Whitewater mulls price point for library remodel

Resolution pledging financial support for remodel, expansion project is eyed

By Dave Fidlin


Whitewater’s decision-making municipal body is mulling a resolution that could formalize the city’s commitment for the planned expansion and remodel of the Irvin L. Young Memorial Library.

Amid a wide-ranging discussion at a Common Council meeting Nov. 16, a number of concerns were raised, however — most notably, cost projections at a time when inflationary pressures continue to shoot costs to higher price points.

This summer, members of the Library Board went before the council with a revised set of plans for the library project, which was first discussed about two decades ago.

The new plan on the table calls for expanding the venue by 6,928 square feet, from the current layout of 14,146 square feet to 18,606 square feet. Areas within the existing venue also would be remodeled to reflect some of the more contemporary uses for public libraries.

The tentative price tag for the work has been set at $5.05 million. The plan includes a $3 million commitment from the city itself and the balance of $2.05 million being funded through a fundraising appeal and other sources.

Library Director Stacey Lunsford said the resolution is a pivotal next step in bringing donors into the fold.

“When we were talking to potential donors, one of the first questions they always asked was, ‘Is the city in support of this?’” Lunsford said. “They certainly didn’t want to place any money without that assurance.”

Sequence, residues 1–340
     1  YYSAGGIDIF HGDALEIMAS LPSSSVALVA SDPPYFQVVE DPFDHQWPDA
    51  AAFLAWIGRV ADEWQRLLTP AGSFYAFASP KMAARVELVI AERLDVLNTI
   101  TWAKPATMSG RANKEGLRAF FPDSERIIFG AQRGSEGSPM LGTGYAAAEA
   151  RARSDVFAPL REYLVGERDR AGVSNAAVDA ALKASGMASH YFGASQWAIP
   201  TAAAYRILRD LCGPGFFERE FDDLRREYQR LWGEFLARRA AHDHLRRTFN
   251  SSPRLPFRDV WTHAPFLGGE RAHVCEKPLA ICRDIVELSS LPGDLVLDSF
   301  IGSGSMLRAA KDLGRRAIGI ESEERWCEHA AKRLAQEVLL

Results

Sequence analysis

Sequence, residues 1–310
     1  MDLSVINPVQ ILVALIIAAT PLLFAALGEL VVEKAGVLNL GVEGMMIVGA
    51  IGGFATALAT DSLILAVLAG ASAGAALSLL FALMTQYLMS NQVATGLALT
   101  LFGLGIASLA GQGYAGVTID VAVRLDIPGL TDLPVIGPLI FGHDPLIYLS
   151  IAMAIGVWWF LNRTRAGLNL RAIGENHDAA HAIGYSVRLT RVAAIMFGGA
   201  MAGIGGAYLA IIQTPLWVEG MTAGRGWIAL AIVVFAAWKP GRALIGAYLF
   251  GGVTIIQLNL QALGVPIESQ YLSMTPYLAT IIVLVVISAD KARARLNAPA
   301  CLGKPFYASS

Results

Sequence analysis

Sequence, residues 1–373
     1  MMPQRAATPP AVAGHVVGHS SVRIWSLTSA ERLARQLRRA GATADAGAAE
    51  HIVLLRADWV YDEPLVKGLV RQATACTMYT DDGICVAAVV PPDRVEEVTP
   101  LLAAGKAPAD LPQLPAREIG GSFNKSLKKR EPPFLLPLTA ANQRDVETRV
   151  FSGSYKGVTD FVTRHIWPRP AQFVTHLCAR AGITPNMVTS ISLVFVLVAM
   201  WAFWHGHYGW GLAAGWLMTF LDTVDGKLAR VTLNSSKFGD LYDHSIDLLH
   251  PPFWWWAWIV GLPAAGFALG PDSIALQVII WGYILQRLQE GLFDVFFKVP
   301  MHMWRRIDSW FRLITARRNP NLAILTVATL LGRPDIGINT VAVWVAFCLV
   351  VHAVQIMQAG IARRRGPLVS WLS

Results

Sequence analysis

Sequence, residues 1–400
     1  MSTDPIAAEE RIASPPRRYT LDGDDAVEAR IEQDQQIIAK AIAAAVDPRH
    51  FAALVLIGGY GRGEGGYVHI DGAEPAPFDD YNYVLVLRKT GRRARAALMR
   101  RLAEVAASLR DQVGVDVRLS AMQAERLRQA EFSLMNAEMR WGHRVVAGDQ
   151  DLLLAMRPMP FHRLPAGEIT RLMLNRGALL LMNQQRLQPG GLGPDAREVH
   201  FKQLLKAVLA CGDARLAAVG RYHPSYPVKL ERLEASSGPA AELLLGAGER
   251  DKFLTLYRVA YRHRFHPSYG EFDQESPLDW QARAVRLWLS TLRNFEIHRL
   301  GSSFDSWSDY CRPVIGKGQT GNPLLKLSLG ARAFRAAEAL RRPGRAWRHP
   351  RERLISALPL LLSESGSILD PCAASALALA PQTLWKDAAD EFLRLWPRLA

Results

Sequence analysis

Lunsford added the city’s formal commitment would make the next steps of launching a fundraising appeal a worthwhile endeavor.

“We wanted to make sure, before we started on a capital campaign, which will be intense and time consuming, that we would be able to assure people that if they pledged money, this project would indeed come to fruition,” Lunsford said.

In general, a number of council members have been supportive of the library’s plans.

Speaking to the size and scope of the work, council member Carol McCormick said, “It makes sense for our size of city.”

But the unknowns of the cost of materials and labor — particularly in 2024, when the work could take place — gave the council pause in making a motion at the Nov. 16 meeting.

“I am cautious in sticking to a hard and fast number, just because we certainly don’t know what the next couple of years will look like … with inflation,” council member Lisa Dawsey-Smith said. “I think it’s really important we show support for the project, but maybe dial specifically into a number.”

Council President Lynn Binnie pointed out the cost estimates are still projections.

“It’s obviously not been bid yet,” Binnie said. “This is what architects told us it will cost. I think we need to get some further information from them.”

Dawsey-Smith asked to have the resolution revisited at a future council meeting.

Binnie not seeking re-election this spring

During a portion of the council agenda for announcements, Binnie indicated he would not seek re-election when his term ends in April. He is one of three council members with expiring terms.

“It has been a great privilege for me to represent the City of Whitewater and, specifically, aldermanic District 4, and to have worked collegially with all of you, as well as Cameron and others on staff,” Binnie said in his announcement.

He added, “It is with very mixed feelings that I announce that I have decided to conclude my service at the end of the current term and, consequently, do not plan to run for re-election.”


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